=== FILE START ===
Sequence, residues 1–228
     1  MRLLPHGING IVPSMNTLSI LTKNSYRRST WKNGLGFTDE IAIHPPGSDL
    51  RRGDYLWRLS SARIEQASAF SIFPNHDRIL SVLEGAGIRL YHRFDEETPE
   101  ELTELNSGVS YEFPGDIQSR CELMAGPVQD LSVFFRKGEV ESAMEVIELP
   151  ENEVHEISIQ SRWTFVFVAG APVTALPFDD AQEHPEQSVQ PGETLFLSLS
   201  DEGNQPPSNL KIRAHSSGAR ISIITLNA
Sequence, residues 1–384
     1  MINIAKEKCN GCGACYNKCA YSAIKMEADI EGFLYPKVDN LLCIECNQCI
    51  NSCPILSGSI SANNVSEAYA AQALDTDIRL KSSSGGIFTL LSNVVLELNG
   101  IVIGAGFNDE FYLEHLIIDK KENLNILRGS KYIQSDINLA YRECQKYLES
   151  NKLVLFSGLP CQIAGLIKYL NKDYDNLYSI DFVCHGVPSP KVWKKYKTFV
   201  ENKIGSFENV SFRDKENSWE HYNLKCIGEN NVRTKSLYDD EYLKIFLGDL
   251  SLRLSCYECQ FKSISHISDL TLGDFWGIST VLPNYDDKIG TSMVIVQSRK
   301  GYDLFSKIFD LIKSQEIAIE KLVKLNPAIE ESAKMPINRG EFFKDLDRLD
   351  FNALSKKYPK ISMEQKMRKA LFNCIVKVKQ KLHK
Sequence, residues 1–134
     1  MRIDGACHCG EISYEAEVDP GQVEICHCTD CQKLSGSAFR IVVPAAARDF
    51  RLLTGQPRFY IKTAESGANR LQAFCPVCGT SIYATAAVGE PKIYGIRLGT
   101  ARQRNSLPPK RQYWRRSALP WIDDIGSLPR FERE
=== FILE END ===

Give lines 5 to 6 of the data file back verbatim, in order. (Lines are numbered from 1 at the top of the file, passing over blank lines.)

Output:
   151  ENEVHEISIQ SRWTFVFVAG APVTALPFDD AQEHPEQSVQ PGETLFLSLS
   201  DEGNQPPSNL KIRAHSSGAR ISIITLNA